Iron Kissed (Mercy Thompson) - Patricia Briggs

(Say it out loud to yourself.)


~~Moved from GR~~

Iron Kissed

by Patricia Briggs


Mercy Thompson, car mechanic and Walker--a human who can change into a coyote--is just beginning to settle down after all the vampire shenanigans from the last book when trouble pops up on her doorstep yet again. In fighting off angry vampires, Mercy had been forced to request aid from her fey acquaintances, and fey aren't ones to forgive a debt with a simple thank-you. Instead, her old boss tells her that to repay her debt, she must use her supernaturally keen nose to determine who is responsible for a recent rash of thefts and murders on the fey reservation. And who would have thought that identifying a murderer could lead to complications? Before long, Mercy is in an even bigger mess than usual, and not all faerie glamour in the world can stop this mess from turning ugly.

Just like probably every long-running urban fantasy series out there, the Mercy Thompson series starts out with conflicts between pedestrian horror creatures in the first few books--werewolves and vampires mostly--before getting to the fun stuff: the fey. I'm never particularly enamoured by vampity and wolfie UF; maybe it's because these relatively recent creatures tend to pull their mythology from 19th-century erotica and B-movie horror (which I don't read, watch, or like) rather than ancient myths. Whatever the reason, no matter the series, I'm always most enchanted (pun not intentional, I just can't think of another word) by intrigue in the world of the fey. This book was no exception.

I can't really ignore my ridiculous pleasure at reading faerie-based urban fantasy in my reaction to this book, because otherwise, it contains several themes that would not normally appeal to me. This one falls into the paranormal romance mould far more than any of the previous books in the series. A major subplot is Mercy being attracted by-- and having to choose between-- the two alpha male werewolves who are competing for her affections. We have a lot more of the quivering emotions, passions, and temptation than I would have hoped for from the normally level-headed Mercy. This includes obnoxious discussions between said males about who Mercy has to choose, who "owns" her, and whether or not she's "afraid" of "commitment." However, the reason why I still love this series is that even though the males of her acquaintance treat her like this, even though we have to listen to her rosy-tinted lovey-dovey emotions, Mercy completely recognizes what is going on here: submitting to the "passion" means losing her agency. Period. Yes, Mercy routinely submits to the alpha males of her acquaintance and considers ways to placate them, but that doesn't stop her from at least acknowledging that submitting will mean no longer owning herself. So PNR though this may be, we still have a heroine whose brain isn't completely submerged in a puddle of estrogen.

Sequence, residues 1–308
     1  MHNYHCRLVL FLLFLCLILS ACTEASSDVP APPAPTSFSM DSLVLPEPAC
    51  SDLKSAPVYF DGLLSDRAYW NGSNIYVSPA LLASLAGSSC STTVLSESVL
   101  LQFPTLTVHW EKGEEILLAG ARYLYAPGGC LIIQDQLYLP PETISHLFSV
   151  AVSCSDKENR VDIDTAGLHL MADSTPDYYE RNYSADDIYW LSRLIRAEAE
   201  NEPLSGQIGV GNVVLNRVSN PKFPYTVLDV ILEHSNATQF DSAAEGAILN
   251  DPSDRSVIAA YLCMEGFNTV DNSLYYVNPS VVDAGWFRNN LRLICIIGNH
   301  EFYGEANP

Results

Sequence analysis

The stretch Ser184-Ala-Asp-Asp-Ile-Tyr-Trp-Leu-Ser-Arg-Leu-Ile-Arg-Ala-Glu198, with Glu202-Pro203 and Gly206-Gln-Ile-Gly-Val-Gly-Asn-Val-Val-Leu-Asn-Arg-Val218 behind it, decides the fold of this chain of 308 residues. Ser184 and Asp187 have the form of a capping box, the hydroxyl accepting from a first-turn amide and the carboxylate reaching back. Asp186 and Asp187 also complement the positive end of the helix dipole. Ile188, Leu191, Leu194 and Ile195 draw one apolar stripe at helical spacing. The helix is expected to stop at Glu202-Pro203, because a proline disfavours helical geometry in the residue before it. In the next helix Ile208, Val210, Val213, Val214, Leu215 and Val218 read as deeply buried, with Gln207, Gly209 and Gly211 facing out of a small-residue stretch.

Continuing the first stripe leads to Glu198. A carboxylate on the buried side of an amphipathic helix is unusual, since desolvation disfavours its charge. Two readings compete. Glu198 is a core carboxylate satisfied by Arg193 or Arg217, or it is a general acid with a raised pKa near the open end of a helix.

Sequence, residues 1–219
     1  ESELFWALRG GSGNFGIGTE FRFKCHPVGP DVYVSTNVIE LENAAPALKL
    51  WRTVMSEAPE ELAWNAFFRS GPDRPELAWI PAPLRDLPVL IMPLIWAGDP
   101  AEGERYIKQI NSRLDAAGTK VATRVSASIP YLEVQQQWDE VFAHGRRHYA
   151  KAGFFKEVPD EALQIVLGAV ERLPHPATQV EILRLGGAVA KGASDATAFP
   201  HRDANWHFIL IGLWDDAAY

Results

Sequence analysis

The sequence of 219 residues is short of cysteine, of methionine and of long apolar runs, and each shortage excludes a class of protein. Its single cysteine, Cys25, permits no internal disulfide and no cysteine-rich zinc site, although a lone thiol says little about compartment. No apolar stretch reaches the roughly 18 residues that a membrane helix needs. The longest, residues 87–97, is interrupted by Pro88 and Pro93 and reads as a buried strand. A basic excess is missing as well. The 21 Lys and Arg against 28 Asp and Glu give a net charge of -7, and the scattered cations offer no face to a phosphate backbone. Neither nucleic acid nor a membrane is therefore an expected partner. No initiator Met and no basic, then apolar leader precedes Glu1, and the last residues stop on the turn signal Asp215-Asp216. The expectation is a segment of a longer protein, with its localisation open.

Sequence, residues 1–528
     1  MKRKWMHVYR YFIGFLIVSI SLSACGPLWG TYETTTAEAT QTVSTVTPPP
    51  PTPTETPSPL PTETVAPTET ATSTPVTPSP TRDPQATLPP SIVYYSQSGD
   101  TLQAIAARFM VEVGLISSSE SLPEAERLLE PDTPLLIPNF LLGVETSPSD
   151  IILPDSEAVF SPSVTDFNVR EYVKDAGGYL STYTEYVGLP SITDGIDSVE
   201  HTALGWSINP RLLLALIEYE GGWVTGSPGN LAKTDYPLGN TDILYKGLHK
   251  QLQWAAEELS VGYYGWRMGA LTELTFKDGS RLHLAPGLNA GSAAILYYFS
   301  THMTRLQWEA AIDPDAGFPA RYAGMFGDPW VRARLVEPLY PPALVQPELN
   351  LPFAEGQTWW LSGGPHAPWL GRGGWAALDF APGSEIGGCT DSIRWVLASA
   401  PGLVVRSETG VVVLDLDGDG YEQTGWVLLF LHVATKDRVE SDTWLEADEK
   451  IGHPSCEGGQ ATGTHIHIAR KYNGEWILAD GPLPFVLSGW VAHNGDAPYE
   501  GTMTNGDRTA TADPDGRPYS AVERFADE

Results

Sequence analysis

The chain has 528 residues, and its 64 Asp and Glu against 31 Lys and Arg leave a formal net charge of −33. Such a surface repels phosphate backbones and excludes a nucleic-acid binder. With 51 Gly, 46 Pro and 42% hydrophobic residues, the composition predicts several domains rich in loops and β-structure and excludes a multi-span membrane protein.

Of course, the "happy" ending is one of said males very literally and explicitly claiming possession and ownership of her. Yuck. But at least there was some acknowledgement that this concept of possession is problematic. Possibly reversed by the weird "resolution". Alpha male: I expect you to ask me before you go anywhere or do anything, I own you now, if you ever try to flee me I will chase you, but no worries, because I'll let you take risks. Mercy: Awesome! I was just traumatized and raped and feel dirty and guilty, so (in the book's last sentence) let me strip for you and let you use me just as I was just used by another sick man! Hmmmm. Note that the happy resolution involves Mercy losing her agency. Joy.]

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The other plot point involves an extremely emotional and violent scene that traumatizes Mercy deeply

[: Mercy is raped in this book. The rape is not physically explicit, but it is emotionally raw and is very full of "fridge horror:" think about what is actually said for more than about a tenth of a second, the actual events which Briggs skirts around are absolutely horrifying. It's also in some ways a "double rape": Mercy is enchanted/forced so that she submits, so that she doesn't resist, ]

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leaving Mercy with a tremendous sense of guilt that she cannot overcome. It makes for a very, very hard read, but at the same time, I really appreciate two things about the structure of the narrative.

[First of all, the rapist isn't a good guy, and we don't have to accept him suddenly turning into the love interest. Second, Briggs explores the complexity of emotions surrounding the rape: the ways in which Mercy is made to feel complicit in her own victimization, the ways in which the guilt and violation torture and eat at her, the ways in which she feels blame and condemnation from all of the people around her.]

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There are some very raw emotions here, and I think Briggs does a reasonable job in empathizing and understanding the very complex emotions the victim.

So no, this isn't exactly the most fun or lighthearted book, and it very much treads very feminine PNR rather than UF ground, but despite all of this, I think it's a very fine addition to the series, and I can't wait to read the next.

One last thought: the heavily sexualized covers of these books initially made me unwilling to try them, but I'm glad I did, since the contents don't match the illustrations. However, given the subjects discussed in this one

[--slut-shaming, victim-blaming, rape, a victim's guilt over any possible sense of having "deserved it"]

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--the cover strikes me as positively obscene. How on earth did the publisher let it stand?